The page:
Double Paralympic champion Jonnie Peacock wants his sport’s decision-makers to trust para athletes to fill their stadiums.

Peacock joined forces with Libby Clegg, Ali Smith and Nathan Maguire as Great Britain won silver in the new 4x100m universal relay.

The event was making its debut at the Games, featuring athletes with multiple sclerosis and visual impairment alongside an amputee and wheelchair racer. As a visual metaphor for what the Paralympics mean it was certainly powerful.

Diamond League events regularly feature para competitions but too often they are dismissed as token.

Suggestions to combine the World Championships have been met with short shrift from World Athletics, whose last showpiece event in Doha two years ago attracted tiny crowds.

However, a successful template does exist, with para events ever more integrated into the athletics programme at the Commonwealth Games, and next year's event in Birmingham will feature more than ever before.

"Put a decibel meter in a stand when you have got a full stadium of an able-bodied athletics meet and a para-sport meet – listen to the noise," he said.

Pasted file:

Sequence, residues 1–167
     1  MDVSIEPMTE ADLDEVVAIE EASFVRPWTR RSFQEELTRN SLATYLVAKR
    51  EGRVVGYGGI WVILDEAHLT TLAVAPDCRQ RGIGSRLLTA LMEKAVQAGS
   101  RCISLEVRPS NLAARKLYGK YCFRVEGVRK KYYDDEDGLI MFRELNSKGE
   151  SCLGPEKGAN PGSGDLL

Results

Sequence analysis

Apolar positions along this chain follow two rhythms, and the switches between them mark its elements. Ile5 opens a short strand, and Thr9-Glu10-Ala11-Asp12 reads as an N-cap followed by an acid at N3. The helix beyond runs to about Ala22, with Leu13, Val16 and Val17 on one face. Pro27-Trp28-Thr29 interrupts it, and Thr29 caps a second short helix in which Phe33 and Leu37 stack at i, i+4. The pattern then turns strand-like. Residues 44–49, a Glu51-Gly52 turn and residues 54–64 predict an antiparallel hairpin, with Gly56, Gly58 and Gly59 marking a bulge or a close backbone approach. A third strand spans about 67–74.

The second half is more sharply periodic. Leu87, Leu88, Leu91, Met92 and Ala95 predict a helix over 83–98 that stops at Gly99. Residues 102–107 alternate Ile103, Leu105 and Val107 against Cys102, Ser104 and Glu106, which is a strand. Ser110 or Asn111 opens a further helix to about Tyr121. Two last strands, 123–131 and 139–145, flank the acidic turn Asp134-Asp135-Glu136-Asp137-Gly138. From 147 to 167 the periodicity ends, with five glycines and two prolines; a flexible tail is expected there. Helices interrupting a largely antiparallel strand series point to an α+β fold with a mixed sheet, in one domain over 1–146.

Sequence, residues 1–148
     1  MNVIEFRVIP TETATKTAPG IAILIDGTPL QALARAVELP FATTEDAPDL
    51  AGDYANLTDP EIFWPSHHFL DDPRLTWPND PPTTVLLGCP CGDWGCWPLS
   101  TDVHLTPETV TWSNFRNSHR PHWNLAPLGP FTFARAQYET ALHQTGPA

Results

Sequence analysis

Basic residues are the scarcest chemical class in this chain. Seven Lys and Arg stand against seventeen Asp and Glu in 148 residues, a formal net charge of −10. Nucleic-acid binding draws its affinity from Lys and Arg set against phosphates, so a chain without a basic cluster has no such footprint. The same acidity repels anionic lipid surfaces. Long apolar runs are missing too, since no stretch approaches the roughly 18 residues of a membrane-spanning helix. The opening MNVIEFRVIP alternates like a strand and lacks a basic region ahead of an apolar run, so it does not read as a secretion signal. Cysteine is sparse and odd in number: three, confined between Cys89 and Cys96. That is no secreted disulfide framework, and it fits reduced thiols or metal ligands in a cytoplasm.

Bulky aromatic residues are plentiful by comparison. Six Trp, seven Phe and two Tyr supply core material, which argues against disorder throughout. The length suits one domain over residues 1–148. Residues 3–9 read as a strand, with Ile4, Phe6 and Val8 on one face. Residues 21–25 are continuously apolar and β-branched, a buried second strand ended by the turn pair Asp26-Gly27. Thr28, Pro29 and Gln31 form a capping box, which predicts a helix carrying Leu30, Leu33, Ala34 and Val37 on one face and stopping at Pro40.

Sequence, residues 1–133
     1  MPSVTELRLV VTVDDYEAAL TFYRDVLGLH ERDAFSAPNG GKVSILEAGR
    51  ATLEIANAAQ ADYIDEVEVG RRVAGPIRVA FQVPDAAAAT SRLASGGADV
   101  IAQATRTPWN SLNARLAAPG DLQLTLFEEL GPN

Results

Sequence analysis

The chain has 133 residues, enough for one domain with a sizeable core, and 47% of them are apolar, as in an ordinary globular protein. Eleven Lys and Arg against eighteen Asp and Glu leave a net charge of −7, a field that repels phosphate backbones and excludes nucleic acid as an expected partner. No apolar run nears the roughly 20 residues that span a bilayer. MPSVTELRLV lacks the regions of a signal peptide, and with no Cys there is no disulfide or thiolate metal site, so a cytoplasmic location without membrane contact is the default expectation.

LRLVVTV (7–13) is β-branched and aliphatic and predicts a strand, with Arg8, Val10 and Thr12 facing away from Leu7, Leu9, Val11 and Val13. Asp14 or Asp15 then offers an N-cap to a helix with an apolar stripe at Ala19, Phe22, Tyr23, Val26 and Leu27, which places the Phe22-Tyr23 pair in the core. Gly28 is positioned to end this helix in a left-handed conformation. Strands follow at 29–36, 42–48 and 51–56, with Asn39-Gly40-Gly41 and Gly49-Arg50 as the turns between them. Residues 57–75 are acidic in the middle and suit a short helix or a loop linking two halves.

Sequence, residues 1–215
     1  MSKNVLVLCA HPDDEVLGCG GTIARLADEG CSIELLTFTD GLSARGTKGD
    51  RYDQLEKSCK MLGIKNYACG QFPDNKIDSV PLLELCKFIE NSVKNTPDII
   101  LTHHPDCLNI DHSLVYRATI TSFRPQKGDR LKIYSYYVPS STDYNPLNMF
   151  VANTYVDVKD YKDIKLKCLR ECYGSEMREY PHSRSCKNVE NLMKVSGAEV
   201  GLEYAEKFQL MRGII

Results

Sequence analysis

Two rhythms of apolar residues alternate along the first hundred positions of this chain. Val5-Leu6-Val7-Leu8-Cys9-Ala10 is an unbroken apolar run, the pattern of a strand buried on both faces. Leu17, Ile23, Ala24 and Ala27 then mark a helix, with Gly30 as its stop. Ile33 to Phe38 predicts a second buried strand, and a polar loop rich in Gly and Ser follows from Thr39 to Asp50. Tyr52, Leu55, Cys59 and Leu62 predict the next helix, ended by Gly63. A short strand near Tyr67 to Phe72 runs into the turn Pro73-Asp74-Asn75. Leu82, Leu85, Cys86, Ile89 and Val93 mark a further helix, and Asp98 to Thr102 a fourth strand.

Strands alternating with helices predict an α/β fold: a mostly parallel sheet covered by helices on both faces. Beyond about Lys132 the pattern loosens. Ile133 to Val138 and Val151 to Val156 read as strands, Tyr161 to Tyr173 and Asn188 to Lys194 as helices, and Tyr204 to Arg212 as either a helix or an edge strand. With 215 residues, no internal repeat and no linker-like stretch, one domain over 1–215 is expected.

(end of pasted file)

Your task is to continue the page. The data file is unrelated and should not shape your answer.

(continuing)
"The public like it but meet organisers don’t seem to agree. Hopefully one day they will.”

Meanwhile, Peacock paid tribute to Clegg as she brought the curtain down on her Paralympic athletics career with a podium performance.

"To be a part of Libby's last race and get a medal with her is just incredible," said Peacock, a bronze medallist in the men's T64 100m.

"She's not talked about it but she's run through so much pain at these Games and those were not easy legs for her. She gritted her teeth and got us a medal, I'm so proud.

"It's a very different event and it showcases the best of everyone. It's good fun to watch, not something you'd see at your average athletics meet and hopefully something you'll see more of."

Clegg thanked her long-time guide runner Chris Clarke and even claimed this medal trumped her double gold in Rio. She has hinted that she may return to the Games in cycling but right now she just wants to return home to son Edward.

"I'm so privileged and proud to be a part of this team and share this moment with these guys," said Clegg, who is able to train full-time and benefit from world class facilities, technology, coaching and support teams thanks to National Lottery funding.

"I won two Paralympic golds in Rio and it didn't make me happy, right now this is my proudest moment - being part of this team.

"I'm going to take some time out but this is my last running competition, unless I dabble in a sports day when my son is at primary school. To end my athletics career with this medal is a dream come true."

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